75% of brokers expect sales in the specialist market to soar this year

Some three quarters of intermediaries (75%) expect business sales to increase in the next 12 months, specialist bank Masthaven has found in its ‘Broker Beat’ survey.

Brokers feel Brexit and stagnant house prices will not negatively affect the lending market, with only 2.5% of professionals in the sector expecting to see sales decline.

Instead, intermediaries believe lending criteria (35%), regulation (27%) and lack of innovation (18%) will be the biggest growth challenges for the year ahead.

Matt Andrews, managing director of mortgages, Masthaven, said: “Despite ongoing Brexit negotiations and another quarter of slowing house prices, it is positive to know that intermediaries are confident for a successful 2019 with a large proportion expecting sales to increase.

“Customers, new and returning, are continuing to turn to specialist lending options for flexible products which traditional high street banks have been slow to cater for.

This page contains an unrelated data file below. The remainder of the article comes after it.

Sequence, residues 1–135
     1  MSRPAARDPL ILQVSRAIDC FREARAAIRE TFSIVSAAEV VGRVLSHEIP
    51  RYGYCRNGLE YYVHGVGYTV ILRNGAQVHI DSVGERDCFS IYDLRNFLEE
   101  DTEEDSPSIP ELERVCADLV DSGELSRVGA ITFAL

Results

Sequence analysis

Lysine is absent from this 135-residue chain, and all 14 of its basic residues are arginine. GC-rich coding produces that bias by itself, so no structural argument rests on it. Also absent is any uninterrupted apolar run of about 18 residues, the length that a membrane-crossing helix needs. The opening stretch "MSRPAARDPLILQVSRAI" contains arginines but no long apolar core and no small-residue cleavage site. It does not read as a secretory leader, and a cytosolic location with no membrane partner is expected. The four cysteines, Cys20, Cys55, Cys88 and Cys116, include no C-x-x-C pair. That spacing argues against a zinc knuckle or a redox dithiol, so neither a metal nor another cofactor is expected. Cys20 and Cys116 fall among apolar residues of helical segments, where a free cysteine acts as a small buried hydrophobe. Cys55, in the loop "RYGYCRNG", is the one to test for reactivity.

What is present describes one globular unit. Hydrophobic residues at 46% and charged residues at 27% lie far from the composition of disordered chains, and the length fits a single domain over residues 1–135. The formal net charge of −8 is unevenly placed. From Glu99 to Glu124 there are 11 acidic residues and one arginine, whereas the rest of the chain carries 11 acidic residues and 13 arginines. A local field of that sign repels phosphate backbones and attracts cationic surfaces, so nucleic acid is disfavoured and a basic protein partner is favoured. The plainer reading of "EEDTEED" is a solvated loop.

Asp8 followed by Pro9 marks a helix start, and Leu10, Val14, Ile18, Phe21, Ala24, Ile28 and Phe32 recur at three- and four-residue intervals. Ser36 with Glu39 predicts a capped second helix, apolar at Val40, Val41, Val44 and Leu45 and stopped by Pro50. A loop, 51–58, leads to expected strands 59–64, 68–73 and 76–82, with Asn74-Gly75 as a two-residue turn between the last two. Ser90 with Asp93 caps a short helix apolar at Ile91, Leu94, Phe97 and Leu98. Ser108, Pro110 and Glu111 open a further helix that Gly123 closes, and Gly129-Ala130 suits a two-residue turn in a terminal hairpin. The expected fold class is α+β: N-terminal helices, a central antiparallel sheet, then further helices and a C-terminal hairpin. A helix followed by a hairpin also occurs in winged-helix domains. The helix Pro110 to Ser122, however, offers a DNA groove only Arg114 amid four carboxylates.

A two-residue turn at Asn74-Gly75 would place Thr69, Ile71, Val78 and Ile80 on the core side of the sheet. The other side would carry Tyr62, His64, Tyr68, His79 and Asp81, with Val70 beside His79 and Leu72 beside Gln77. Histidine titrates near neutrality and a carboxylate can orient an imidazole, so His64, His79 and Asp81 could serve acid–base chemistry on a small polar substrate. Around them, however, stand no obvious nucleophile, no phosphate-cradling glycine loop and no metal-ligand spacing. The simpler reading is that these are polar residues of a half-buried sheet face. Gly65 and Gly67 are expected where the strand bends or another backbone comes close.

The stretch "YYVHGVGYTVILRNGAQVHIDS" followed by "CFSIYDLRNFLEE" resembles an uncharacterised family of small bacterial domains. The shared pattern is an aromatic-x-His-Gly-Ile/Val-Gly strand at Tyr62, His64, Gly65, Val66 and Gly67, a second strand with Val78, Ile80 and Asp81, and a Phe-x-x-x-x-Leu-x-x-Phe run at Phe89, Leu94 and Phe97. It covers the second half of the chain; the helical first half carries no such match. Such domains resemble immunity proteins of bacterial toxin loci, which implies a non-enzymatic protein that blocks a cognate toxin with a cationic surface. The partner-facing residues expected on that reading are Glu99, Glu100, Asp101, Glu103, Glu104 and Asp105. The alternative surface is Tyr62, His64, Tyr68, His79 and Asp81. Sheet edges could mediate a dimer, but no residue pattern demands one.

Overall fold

“This year is set to be another bumper one for the industry – we are already seeing restrictive credit scores and prescriptive lending criteria being reconsidered.

“However, there is always room for improvement. We must continue to create innovate products, develop frictionless services and streamline the borrowing process so that despite the unknown uncertainties that lie ahead, specialist finance will continue to become the new normal.”

When asked about customers’ needs for 2019, brokers noted that more complex circumstances mean that clients have requirements beyond simply getting a cheap deal.

Almost a quarter (23%) of brokers said customers were more likely to prioritise flexible lending criteria, and only 5% believed low fees are a priority for customers. However, low rates (35%) are still thought to be top of customers’ agendas.

Some of brokers’ optimism is down to the fact that much of the business generated over 2018 did not rely on new borrowing. Remortgaging (14%) and product transfers (10%) were seen as the key areas for growth for almost a quarter of those surveyed.



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